In attempting to deny Scotland a referendum, Theresa May has taken a turn towards tyranny

Theresa May has reversed 40 years of government policy on Scotland, says James Kelly

Theresa May has reversed 40 years of government policy on Scotland, says James Kelly

Tuesday, March 21, 2017

Most national leaders of an authoritarian persuasion have their own ’crossing the Rubicon’ moment.

For one-time democrat Robert Mugabe, it was the period in the early 2000s when he started defying court rulings in a successful effort to indefinitely extend his period in office. 

For Theresa May, it was her decision last week to say ‘no’ to a request from the democratically-elected Scottish Parliament for a Section 30 order that would allow an independence referendum to take place on the same basis as the 2014 vote.

In so doing, she reversed more than four decades of British government policy, which since the days of Harold Wilson has been that Scotland can only remain part of the United Kingdom by consent. The exact mechanism by which Scotland is able to express its wishes on its own constitutional future has changed during that period - Margaret Thatcher always stated that if the SNP won a majority of Scottish seats at Westminster, that would in itself be a mandate for independence. By the time that target was actually met under David Cameron in 2015, it was felt that a referendum was the more appropriate way of securing a mandate. But the constant has been that Scotland has a clearly-understood democratic path to independence which it can take at a time of its choosing.

No more. The new Theresa May doctrine is that there is literally no way Scotland can express a view on its own future, until such time as the PM decides for her own reasons that she is ready. She makes no bones about the fact that the time may never come, and that a key strand of the democratic process in Scotland may remain indefinitely suspended.

From the moment Ms May made her announcement, the notion that Scotland is part of the UK by its own consent was converted from reality to fiction. The Scottish unionist politicians who have cheered this development in a knee-jerk fashion ought to step back and reflect on what they are actually lending their support to. This is not part of the legitimate democratic fight to thwart the SNP’s objective.

Now, it goes without saying that Ms May has a list of excuses as long as your arm to justify her outrageous decision, and each and every one of them is a sham. Most obviously, she says that Scotland has already decided to remain part of the UK. Even glossing over the fact that the 2014 decision was made on the demonstrably bogus basis that it would keep Scotland within the EU, Ms May’s argument is that of the would-be tyrant who wins one democratic election and says : “We don’t need any more elections. Not in five years, not in ten, not in twenty. That one was fine.”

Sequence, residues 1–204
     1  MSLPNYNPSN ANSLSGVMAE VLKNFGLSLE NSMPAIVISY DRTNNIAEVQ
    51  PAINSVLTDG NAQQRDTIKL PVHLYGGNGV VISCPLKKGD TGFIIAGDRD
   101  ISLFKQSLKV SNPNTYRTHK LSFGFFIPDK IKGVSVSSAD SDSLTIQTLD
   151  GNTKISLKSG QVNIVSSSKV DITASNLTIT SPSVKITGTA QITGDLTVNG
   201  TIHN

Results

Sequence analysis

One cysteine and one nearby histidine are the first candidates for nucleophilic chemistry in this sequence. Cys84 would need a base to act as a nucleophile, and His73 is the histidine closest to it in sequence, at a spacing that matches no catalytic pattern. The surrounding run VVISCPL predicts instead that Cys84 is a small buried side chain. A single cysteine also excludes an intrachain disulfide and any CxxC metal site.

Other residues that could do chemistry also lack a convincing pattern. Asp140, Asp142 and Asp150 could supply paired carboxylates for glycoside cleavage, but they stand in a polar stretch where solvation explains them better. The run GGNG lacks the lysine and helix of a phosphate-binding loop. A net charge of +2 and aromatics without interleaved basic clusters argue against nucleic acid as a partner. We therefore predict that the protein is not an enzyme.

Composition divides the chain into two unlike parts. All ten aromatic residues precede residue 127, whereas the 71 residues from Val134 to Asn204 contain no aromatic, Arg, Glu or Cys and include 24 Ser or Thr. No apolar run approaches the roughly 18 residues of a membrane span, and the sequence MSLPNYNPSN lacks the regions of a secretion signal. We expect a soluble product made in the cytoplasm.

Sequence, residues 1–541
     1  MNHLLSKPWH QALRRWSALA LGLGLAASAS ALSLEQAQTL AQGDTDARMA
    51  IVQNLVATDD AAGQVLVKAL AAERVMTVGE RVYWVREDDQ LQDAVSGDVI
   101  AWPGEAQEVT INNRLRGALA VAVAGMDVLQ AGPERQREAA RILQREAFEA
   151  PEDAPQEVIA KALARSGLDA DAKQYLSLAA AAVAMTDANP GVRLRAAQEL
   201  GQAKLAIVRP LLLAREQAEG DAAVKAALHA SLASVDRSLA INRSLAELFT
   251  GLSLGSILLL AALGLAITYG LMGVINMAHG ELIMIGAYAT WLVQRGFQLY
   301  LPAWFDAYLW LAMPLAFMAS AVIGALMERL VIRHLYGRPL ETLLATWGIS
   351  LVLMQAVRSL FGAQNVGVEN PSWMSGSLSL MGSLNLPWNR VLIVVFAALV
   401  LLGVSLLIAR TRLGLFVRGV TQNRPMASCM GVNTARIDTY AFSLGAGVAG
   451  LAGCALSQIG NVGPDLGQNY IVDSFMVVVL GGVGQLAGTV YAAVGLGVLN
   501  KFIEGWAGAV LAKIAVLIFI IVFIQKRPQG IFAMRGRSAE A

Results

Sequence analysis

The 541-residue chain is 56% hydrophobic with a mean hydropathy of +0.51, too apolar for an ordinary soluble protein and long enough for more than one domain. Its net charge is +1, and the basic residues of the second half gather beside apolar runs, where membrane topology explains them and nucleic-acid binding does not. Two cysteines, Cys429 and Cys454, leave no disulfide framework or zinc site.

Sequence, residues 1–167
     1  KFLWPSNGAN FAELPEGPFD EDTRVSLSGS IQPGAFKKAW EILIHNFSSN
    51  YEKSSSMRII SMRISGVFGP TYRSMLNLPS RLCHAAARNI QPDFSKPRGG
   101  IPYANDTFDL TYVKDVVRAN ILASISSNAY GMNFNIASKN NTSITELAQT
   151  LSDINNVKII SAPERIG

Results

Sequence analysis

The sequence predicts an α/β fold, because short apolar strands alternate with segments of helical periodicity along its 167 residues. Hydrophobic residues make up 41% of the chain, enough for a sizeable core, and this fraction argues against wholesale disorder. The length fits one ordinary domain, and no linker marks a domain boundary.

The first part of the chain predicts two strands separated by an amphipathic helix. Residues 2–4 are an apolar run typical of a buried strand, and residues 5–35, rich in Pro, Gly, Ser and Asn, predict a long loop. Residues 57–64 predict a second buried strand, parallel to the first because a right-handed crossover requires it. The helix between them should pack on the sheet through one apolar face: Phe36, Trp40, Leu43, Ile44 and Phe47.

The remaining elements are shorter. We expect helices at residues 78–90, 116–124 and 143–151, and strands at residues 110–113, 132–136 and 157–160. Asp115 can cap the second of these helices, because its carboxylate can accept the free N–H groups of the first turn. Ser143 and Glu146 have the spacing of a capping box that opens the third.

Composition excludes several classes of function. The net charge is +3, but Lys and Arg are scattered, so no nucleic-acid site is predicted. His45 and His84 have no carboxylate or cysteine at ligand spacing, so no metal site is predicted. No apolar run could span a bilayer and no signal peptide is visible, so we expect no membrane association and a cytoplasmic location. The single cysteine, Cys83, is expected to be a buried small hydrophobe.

She also argues there are various deficiencies in the mandate for a second independence referendum, either because of her hair-splitting objections to the wording of the SNP and Green manifestos, or because the SNP supposedly didn’t do well enough in the Scottish Parliament election last year.

Well, let’s just remind ourselves of what the result of that election was. The SNP received 46.5% of the constituency vote – that’s a bigger mandate than any UK government has received at a Westminster general election since 1966, more than five decades ago. There are very few governing parties anywhere in Western Europe, either at national or regional level, that can boast of stronger public support than the SNP. If it is to be seriously claimed that the Scottish government do not have a mandate to act, it’s murderously hard to think of a government anywhere that has a mandate to do anything. Certainly not the ‘majority’ Tory government in London, which was elected on the basis of just 37% of the UK-wide vote (and less than 15% of the Scottish vote).

As far as the contrived objections to manifesto wording are concerned, I would be interested to see what the reaction would be if Brussels were to say “sorry, chaps, a ‘t’ wasn’t correctly crossed in the Tory manifesto, so we’ll have to start overturning votes in the Westminster parliament”. Indeed, the very fact that Brussels wasn’t able to veto Britain’s second referendum on EU membership is a useful demonstration of the difference between a political union that respects national sovereignty and parliamentary democracy, and a political union that does not.

In the real world, though, the decision of the elected Scottish Parliament will prevail, no matter how loudly Theresa May stamps her feet. Nicola Sturgeon has numerous cards to play if Ms May remains intransigent, including a consultative referendum held without Westminster’s permission, or an early Holyrood election to establish an outright mandate for independence. The implied threat of either of those may be enough to force Ms May to the negotiating table.

But even after this stand-off has been long since resolved in Ms Sturgeon’s favour, one image will linger long in the memory – that of the defeated Scottish opposition leader Ruth Davidson being tasked with announcing what the elected Scottish government would not be allowed to do.

Nothing could better symbolise a truly farcical attempt to subvert democracy.

James Kelly's blog, Scot goes POP!, is among the most popular political blogs in the UK. He has also contributed to a number of newspapers and magazines.

You can check out the blog here or follow James on Twitter.

James has also written for us about why young Scots must vote for Sturgeon on June 8the madness of King Trump, the crisis created by the Brexit legal challenge and why Scottish Labour care more about Corbyn than their country.
 

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